During this time of new realities we are living in, one healthy way I have found to process the changes in our culture and find my way back to my creative work is by taking frequent walks in nature.
This spring and summer I have made repeated walks around and around the circular path of my neighborhood park planted with a wide variety of interesting trees and a small natural prairie area.
One Saturday night this spring at the end of a challenging week, I stopped mid-walk around the park as I spied one of the wood benches. I didn’t sit on the bench, I laid down on my back sprawled across the bench-feet dangling over the arm. This is not normal behavior for me. But, I’d had it. I was overwhelmed. I closed my eyes, listened to the wind, and took a moment to just be.
Eventually, I opened my eyes and looked up. There was a tree reaching its branches out over me. I thought “Those leaves are beautiful dancing in the wind. Are those leaves aspen leaves? Do we even have aspen trees in Iowa? I know they are prevalent across the mountains in Colorado, but here in Iowa?”
And, that train of thought led to words, and then more thoughts led to more words, leading to this poem.
Maybe the birds always sing at this vibrant level in the spring
Maybe the crabapple blossoms always smell this sweet
Maybe the trees always burst forth this brightly green
Maybe the breeze always brushes across my skin this freshly
Maybe the taste of grilled anything has been too overlooked
Maybe the Aspen leaves have always quaked this splendidly
Maybe my ears have not been tuned in
Maybe my eyes have grown dull by not seeing deeply
Maybe my nose has been too bent to the grindstone
Maybe my taste buds have been too quickly satisfied
Maybe my skin has been trapped inside for too long
Maybe my presence to reality has been misplaced
Maybe having the world stop for a while has allowed nature to awaken
Maybe having my world stop for a while has helped me to pay attention
Maybe having life interrupted has led me to profound observation
Maybe having new rhythms has helped me to calm incessant noise
Maybe having moments to ponder gratitude has revived empathy
Maybe having a new reality
is not the end of everything
but a shift to renewed beginnings
Melynda Van Zee ©2020
Enjoy a peek inside my studio process as I created the painting, “Unraveling Towards a New Reality.”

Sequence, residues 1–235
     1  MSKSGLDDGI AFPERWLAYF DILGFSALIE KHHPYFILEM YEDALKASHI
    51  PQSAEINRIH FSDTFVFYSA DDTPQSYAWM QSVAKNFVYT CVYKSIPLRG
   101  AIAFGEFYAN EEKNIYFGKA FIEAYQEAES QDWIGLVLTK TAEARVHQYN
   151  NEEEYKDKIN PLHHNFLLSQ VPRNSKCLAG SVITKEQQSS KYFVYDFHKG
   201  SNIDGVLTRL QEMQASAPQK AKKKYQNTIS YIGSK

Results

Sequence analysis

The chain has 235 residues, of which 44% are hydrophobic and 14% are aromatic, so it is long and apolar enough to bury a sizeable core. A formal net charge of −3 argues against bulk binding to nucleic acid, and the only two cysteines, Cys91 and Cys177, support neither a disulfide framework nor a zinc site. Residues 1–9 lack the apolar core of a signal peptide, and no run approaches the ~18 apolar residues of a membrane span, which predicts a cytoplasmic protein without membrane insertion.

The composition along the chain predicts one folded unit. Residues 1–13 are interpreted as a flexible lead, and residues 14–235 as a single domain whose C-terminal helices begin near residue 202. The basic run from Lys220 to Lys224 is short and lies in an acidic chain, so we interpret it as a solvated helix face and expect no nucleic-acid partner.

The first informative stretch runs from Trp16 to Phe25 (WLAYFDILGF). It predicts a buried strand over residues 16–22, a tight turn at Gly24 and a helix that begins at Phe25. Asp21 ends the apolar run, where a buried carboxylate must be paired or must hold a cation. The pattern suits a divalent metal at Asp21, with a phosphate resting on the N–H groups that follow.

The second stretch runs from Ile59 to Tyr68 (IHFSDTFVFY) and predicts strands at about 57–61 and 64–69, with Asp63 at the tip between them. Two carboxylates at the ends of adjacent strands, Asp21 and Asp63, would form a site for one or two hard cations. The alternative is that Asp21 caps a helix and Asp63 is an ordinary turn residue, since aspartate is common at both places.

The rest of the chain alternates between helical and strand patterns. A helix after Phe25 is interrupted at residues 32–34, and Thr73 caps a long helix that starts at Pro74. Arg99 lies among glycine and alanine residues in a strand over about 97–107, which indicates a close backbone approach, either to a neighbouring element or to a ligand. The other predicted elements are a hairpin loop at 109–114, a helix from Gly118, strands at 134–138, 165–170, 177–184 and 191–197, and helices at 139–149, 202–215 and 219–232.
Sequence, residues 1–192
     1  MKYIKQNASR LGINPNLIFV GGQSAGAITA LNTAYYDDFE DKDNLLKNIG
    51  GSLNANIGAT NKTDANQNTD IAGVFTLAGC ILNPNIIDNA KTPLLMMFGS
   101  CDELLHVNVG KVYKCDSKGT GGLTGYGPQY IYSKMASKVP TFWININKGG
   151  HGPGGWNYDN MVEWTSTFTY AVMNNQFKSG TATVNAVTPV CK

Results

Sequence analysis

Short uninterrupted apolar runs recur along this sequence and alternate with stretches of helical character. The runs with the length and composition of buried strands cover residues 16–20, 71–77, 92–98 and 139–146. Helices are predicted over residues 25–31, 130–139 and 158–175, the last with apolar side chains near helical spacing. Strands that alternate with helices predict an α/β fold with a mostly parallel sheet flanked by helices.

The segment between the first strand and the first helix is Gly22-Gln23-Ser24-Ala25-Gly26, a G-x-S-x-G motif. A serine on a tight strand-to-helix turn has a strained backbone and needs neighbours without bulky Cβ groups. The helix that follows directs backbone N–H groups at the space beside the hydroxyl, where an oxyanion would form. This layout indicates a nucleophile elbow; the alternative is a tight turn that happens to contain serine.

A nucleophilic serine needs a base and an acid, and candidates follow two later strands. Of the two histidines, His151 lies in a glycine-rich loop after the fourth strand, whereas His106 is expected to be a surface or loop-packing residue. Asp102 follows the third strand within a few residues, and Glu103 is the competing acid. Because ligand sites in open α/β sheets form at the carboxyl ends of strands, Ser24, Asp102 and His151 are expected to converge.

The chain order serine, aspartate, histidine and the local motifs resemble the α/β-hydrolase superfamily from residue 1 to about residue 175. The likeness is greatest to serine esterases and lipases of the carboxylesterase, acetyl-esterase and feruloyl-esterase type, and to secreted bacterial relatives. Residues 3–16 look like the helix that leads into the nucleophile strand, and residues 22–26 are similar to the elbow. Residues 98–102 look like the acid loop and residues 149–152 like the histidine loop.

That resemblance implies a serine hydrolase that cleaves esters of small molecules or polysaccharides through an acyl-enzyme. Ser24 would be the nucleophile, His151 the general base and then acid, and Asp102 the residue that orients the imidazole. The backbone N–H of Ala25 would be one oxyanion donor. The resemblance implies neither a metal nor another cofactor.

Here’s to shifting to new realities and renewed beginnings!
Stay well friends,
Someone encouraged me recently that as an artist I should be noticing that I notice what I notice. I’ve been noticing lately the many reasons why I paint. There are so many reasons NOT to paint…but, why have I chosen to dedicate so much time and energy to the practice of painting?
One reason that I paint is that it is a sensory experience for me. I experience the vibrancy of the colors flowing out of the brush across the canvas and the feel of the lines pouring out as thick paint moves across the surface.
But, creating art is also so much more than that for me. When I am creating, I take the time in quiet to listen to my own internal landscape and translate it to the canvas. I allow what’s inside to flow out through my hands. I process my world in a healthy and life-giving way.
Painting is meditative and centering. It is a time for me to sift through what is important and what needs to fade away. Sometimes it is a safe place to wrestle with unknowns and mine the depths of my life experiences-the good, the bad, the gifts and the tragedies.
I take this long, hard journey deep inside my thoughts, my heart, with brushes, pigment, water, and time. I paint this inner excavation-down through the layers past all the junk that gets in the way. I take these sensory, emotional, psychological, spiritual, and intellectual journeys time and time again through the years.
The finished painting is not the journey. The journey encompasses so much more. But, the painting is an important by-product of the internal processes. Maybe it’s like the postcards sent to friends and family along the way while traveling?
So, I’ve taken these journeys…why could that matter to anyone else?
Isn’t it self absorbed?
A giant waste of time?
A waste of precious resources?
A waste of art supplies?
Who really cares?
How can a few more paintings in this world make anything different?
These questions are just the tip of the iceberg hinting at issues that creatives battle against. They are only the beginning of the thoughts that can and do haunt or stop our creativity from flowing into our world.
Because I can. Because it is part of me being alive in this world. Because it keeps me healthier. Because I am human. Because you are too. Because art reminds us of who we are. Because it helps us all to heal. Because it activates our senses. Because it reminds us that we all have stories. Because it builds community around us that helps us survive the perils of life. Because we all have the task of figuring out who we are in this world and what kind of life we wish to create. Because we are all in this journey together.